Have your child imagine they are 20 years in the future. How would they describe their childhood and their neighbourhood to people who have never been there?
Have your child write a short story about what it’s like growing up in your neighbourhood.
Do You Know Your Neighbourhood?
Neighbourhoods are not only a structural place, but also a social place. It is important we know where we live and the people who live there.
Have your child find as much information as possible about the neighbourhood you live in. You can ask questions like:
- Do you know all your neighbours? What are their names?
- How many steps are there from your house to your neighbour’s house?
- What do you know about the neighbourhood you live in? What was it before it was this neighbourhood? A farm? A town separate from Calgary?
- How do people move around in your neighbourhood?
- What are the top destinations in your neighbourhood?
- Is there a community association in your neighbourhood?
- Who is your City Councillor that represents you? How can you let them know what is important to you?
- What are some places you can walk to in your neighbourhood?
- What are some interesting things on your street? What makes your street unique?
- What types of plants and animals do I see on my street?
Ask your child:
- How do you feel about your neighbourhood? (Feel)
- What do you think are some of the pros and cons of living in your neighbourhood? (Think)
- What can you do in the future to make your neighbourhood even better? (Act)
Mindfulness Trivia Answer
Answer: Howard Stark
Trivia Question: What is the oldest neighbourhood in Calgary, Alberta?
- Notice how your belly feels.
- Breathe fast for 10 seconds.
- How do you feel? Better? Worse? The same?
Walking Your Block
Walking your block is a good way to learn about planning ideas, principles and citizenship.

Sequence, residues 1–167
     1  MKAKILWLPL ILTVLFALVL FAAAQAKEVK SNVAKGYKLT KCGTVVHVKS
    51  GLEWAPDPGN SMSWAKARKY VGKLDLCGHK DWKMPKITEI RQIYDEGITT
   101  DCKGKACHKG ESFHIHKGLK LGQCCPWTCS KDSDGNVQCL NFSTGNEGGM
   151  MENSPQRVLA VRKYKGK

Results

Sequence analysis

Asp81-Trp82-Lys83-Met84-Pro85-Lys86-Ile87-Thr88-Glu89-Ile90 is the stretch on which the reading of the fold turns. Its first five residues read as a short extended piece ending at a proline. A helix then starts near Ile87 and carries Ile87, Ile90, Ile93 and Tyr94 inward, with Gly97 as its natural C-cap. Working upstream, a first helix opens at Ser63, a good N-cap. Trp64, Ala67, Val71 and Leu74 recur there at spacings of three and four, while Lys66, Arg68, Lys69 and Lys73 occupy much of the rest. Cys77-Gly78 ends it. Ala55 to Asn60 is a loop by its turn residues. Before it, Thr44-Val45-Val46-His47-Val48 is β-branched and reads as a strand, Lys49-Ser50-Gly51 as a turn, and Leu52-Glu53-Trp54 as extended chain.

Go for a walk and be intentional about learning your block. Try the following activities during your walk:
- Explore the senses - Explore what you can see, hear, smell, touch and taste. Touch the grass, listen for trains and airplanes, or smell fallen pine needles.
- Take pictures – Capture images of your block with a camera or draw a sketch. What makes these images so special to you?
- Turn your walk into an obstacle course – Leap over sidewalk cracks or run in the park.
- Use a pedometer – Try to count and keep track of how many steps it takes you to get to a certain location.
What's Important to Me in My Neighbourhood
Make a list of the top five things that are important to you in your neighbourhood. Your list could include your home, family and friends. What about your schools, parks, hospitals, community centres and grocery stores. Write a brief description for each important thing about why it is important to you.
Share your list with friends and family, and challenge them to make a list too. Compare and discuss your lists with your friends and family.
Building My Community
- Magazines or newspapers
Think about what’s missing in your neighbourhood that you feel would help make it a vibrant place to live.
Find pictures in old magazines or newspapers to help show what buildings or places you would like to add to your community. For instance, you could cut out a picture of a recreation facility or a library to show the need for these facilities. Or you could combine multiple ideas to make a brand new type of community asset.
Think about why each place you want to add to your community is important.
Share your picture with your friends and family. Discuss with them if there are other things that may be missing.
- How did you feel when you walked your block? What did you learn about your block? (Feel)
- What do you think it’s important know what is in your community? (Think)
- What are ways you can share your opinion and ideas about your community? (Act)
Mindfulness Trivia Answer
Inglewood is Calgary's oldest neighbourhood. It is immediately across the Elbow River from Fort Calgary. The community was established in 1875 after the fort was built.